Monday, April 13, 2015

Oppressive Taxes And Regulations Killing Upstate New York Economy

Oppressive Taxes And Regulations Killing Upstate New York Economy
Oppressive government regulations and taxes beating down Upstate New Yorkers have assaulted the region for years, leaving cities like Binghamton on the path to Detroit-level devastation. However, all is not lost. The hope of prosperity is evidenced in the success of less regulated and prosperous Native American tribe businesses
in the state.
The Upstate cities of Rochester, Buffalo, Syracuse, and Binghamton have experienced poverty levels upwards of 30 percent in 2013, all having increased from 2010 levels, according to U.S. Census data. Detroit sits at a 39.3 percent poverty rate with Syracuse, Binghamton, and Rochester right behind at levels of 34.6 percent, 33.3 percent, and 32.9 percent respectively.
Detroit edges out the others in home ownership, with 52 percent homeowner-occupied housing between 2009 and 2013, whereas the New York cities mentioned host rates as low as 39 percent. Each city had a similar population density to Detroit.
Jobs, income, and residents in the former agriculture and manufacturing-leading Upstate New York regions have been experiencing the pain of government overreach for over 50 years, argues a Deseret News article.
“Basically what you’ve got in New York is a state tax code and regulatory regimen written for New York City,” Joseph Henchman, vice president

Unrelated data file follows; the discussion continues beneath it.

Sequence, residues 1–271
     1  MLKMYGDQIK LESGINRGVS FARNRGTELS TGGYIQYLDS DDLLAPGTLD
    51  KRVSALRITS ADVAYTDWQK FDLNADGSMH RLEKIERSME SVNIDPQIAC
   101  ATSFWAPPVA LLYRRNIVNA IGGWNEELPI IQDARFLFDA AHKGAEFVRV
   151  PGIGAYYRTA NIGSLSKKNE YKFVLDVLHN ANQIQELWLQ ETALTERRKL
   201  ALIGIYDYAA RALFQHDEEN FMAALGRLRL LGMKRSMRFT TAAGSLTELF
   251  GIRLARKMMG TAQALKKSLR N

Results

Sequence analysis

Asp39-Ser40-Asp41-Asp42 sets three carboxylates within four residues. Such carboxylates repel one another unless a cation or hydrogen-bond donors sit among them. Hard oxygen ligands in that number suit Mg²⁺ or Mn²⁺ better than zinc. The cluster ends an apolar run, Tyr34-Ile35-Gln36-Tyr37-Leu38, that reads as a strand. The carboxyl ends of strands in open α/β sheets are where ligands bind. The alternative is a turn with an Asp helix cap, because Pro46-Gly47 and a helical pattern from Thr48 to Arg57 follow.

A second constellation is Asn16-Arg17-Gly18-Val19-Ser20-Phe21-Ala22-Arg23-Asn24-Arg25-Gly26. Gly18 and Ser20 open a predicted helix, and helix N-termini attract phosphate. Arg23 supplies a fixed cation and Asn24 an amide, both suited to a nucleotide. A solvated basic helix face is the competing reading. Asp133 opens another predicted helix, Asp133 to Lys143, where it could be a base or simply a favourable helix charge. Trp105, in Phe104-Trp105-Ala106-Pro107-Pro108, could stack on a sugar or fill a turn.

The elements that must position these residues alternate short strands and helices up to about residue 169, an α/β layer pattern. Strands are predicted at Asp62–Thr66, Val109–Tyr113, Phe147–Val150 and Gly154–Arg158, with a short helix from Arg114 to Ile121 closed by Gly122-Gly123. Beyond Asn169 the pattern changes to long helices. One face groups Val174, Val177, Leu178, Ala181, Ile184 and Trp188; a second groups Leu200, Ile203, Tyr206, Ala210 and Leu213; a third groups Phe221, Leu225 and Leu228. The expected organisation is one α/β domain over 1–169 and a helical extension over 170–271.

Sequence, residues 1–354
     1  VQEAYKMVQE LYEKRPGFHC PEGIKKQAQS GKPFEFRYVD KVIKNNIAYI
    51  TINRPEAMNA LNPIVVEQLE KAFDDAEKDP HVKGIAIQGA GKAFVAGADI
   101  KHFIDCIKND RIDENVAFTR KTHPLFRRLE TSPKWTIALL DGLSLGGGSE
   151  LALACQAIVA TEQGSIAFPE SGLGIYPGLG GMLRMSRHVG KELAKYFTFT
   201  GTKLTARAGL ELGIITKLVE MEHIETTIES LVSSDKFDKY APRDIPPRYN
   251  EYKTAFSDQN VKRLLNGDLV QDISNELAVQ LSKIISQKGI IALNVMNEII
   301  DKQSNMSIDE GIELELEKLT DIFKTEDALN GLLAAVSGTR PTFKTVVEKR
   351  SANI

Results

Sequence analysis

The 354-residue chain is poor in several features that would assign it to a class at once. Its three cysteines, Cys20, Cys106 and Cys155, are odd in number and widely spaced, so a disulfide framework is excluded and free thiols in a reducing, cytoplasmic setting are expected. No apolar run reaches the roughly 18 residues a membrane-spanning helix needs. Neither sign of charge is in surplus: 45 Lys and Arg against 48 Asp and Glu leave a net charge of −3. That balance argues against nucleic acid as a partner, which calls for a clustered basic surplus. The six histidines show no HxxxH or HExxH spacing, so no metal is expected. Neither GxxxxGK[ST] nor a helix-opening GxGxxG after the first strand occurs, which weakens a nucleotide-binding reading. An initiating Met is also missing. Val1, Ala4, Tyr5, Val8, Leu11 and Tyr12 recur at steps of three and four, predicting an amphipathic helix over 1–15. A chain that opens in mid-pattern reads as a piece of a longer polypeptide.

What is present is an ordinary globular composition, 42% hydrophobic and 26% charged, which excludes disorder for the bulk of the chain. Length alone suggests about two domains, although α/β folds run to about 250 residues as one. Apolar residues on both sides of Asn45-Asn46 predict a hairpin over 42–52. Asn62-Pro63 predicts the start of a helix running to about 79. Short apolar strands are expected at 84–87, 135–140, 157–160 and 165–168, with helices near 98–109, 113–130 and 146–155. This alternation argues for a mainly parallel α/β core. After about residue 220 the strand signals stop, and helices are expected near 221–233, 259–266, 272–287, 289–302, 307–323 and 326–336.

for state projects at the Tax Foundation in Washington, told the paper. “Legislators say, `Look, New York is a center of world commerce. Businesses have to be here. It doesn’t matter how high we tax them.’ I hear that a lot. But when you apply that same logic to upstate, the impact is devastating.” Similar to the exodus seen from California, businesses have forsaken the Upstate region for more friendly venues. “In 1988, Kodak employed 62,000 people in Rochester, ” Rochester Business Alliance president
Sandra Parker told Deseret News. “Today it employs 4,000. Xerox has moved most of its people out while Bausch & Lomb, which was founded in Rochester in 1858, has left entirely.”
How high taxes and regulation are killing one of the most prosperous states in the nation
Upstate New York is becoming Detroit with grass.
Binghamton, New York — once a powerhouse of industry — is now approaching Detroit in many economic measures, according to the U.S. Census. In Binghamton, more than 31 percent of city residents are at or below the federal poverty level compared to 38 percent in Detroit. Average household income in Binghamton at $30,179 in 2012 barely outpaces Detroit’s $26,955. By some metrics, Binghamton is behind Detroit. Some 45 percent of Binghamton residents own their dwellings while more than 52 percent of Detroit residents are homeowners. Both “Rust Belt” cities have lost more than 2 percent of their populations.
Binghamton is not alone. Upstate New York — that vast 50,000-square mile region north of New York City — seems to be in an economic death spiral.
The fate of the area is a small scene in a larger story playing out across rural America. As the balance of population shifts from farms to cities, urban elites are increasingly favoring laws and regulations that benefit urban voters over those who live in small towns or out in the country. The implications are more than just economic: it’s a trend that fuels the intense populism and angry politics that has shattered the post-World War II consensus and divided the nation.
Upstate New York, the portion that lies beyond the New York metropolitan area, has become “The Land That Time Forgot,” a broad swath of depressed cities and low-profit farmlands that stretches from Newburgh and Poughkeepsie in the Hudson Valley through the old manufacturing centers of Schenectady and Troy, across the Allegheny Plateau to Syracuse, Rochester and Buffalo, all the way west to Jamestown, the city with the lowest percentage of college graduates in America.

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